Sugar is sweet, essential to life—and it's probably in deep space
When we think of sugar, it's in the form of a holiday sweet or a reason to head back to gym after New Year's Eve—we don't usually think of the complex varieties that form the structural backbones of our very genetic code. And we certainly don't think of sugar floating around in the vast darkness of space.
New research suggests that the sugar molecule that puts the "D" in DNA—2-deoxyribose—could exist in the far reaches of space. A team of NASA astrophysicists were able to create DNA's sugar in laboratory conditions that mimic interstellar space.
The researchers believe their results, published on Tuesday in Nature Communications, show that yet another of life's critical chemical building blocks could be widespread in the universe and potentially seed other planets as well.
"We don't yet know whether life is common in the universe, but we're pretty sure the presence of life's building blocks is not a limiting factor," said Michel Nuevo, a researcher at NASA's Ames Research Center in California's Silicon Valley and the lead author of the paper.
The results represent the first solid evidence of the formation of DNA's sugar in an astrophysical setting.
Interstellar space in a lab
The vast, frigid, low-density regions between stars are not as empty as they may seem. The interstellar medium contains dust and gases, and these are bombarded by high-energy photons and particles. Chemical reactions do occur, although extremely slowly at temperatures hovering in the range of -440 degrees Fahrenheit.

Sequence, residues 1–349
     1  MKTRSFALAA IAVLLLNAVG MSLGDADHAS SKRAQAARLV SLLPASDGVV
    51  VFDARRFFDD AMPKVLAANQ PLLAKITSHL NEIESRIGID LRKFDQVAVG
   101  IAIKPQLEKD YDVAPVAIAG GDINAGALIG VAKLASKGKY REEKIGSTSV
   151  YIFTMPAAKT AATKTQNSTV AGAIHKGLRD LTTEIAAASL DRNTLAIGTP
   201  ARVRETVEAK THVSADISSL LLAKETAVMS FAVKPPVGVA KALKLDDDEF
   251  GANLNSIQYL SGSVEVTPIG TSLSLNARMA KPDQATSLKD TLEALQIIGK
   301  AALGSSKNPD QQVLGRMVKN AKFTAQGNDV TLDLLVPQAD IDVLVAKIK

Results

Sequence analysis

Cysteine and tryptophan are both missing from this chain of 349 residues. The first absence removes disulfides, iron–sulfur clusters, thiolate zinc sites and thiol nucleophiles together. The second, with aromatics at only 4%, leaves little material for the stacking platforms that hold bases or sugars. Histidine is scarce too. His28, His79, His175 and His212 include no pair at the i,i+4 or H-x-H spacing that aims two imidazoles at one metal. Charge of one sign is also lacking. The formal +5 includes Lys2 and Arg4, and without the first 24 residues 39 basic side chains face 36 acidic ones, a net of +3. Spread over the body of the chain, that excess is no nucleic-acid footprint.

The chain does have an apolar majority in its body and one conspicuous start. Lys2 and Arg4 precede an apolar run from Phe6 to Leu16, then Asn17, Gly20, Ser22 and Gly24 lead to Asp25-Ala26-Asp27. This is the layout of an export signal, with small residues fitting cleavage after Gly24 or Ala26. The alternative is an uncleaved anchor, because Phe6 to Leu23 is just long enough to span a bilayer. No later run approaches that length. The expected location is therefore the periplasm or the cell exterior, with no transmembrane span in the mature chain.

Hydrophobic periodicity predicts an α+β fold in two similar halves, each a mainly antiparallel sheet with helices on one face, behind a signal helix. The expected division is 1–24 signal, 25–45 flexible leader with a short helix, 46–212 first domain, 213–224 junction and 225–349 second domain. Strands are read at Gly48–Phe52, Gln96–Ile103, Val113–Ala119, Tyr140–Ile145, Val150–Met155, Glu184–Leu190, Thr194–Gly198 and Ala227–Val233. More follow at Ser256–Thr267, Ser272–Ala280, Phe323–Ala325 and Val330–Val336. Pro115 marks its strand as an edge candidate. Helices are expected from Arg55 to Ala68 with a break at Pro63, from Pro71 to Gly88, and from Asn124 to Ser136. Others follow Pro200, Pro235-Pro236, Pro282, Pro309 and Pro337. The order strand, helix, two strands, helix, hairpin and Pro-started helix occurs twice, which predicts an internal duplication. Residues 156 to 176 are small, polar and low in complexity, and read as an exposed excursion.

These were the conditions that Nuevo and his team simulated in the "cosmic chamber" at Ames' Astrophysics and Astrochemistry Lab. The team used a vacuum chamber that contained an aluminum substance cooled to almost absolute zero and added a gaseous mixture of water vapor and the common carbon compound methanol. At such a low temperature, an icy layer formed on the surface of the substance. After irradiating the chamber with ultraviolet light and warming the substance, the researchers examined the resulting material and found that a variety of sugar derivatives, as well as the complex sugar 2-deoxyribose had been created.
In 2016, another team of researchers in France made a similar laboratory discovery of ribose, the sugar of RNA used by the body to make proteins and considered a possible precursor to DNA in the first life forms on early Earth.
"For more than two decades we've asked ourselves if the chemistry we find in space can make the kinds of compounds essential to life. So far, we haven't picked a single broad set of molecules that can't be produced," said Scott Sandford, a senior scientist in the Ames astrochemistry lab and an author on the new paper.
The universe as a chemist
These complex sugars add to the growing list of organic compounds found on meteorites and in cosmic-like laboratory conditions. These include amino acids, the building blocks of proteins; nucleobases, the basic units of the genetic code; and amphiphiles, the class of molecules used by life to produce the membranes around cells.
"The universe is an organic chemist," said Sandford. "It has big beakers and lots of time—and the result is a lot of organic material, some of which is useful to life."
As the swirling debris of the interstellar medium condenses into new stars and planetary systems, how do the organic molecules made in space make it onto the surface of newly-forming planets?
The early Earth was probably showered with such materials as meteoroids and comets pummeled its surface. Sugar derivatives like sugar acids and sugar alcohols have been found in these samples. These sugar derivatives can evolve into the sugars used in DNA and RNA in the presence of water, giving researchers new avenues to explore about the chemistry of life's beginnings.
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Provided by NASA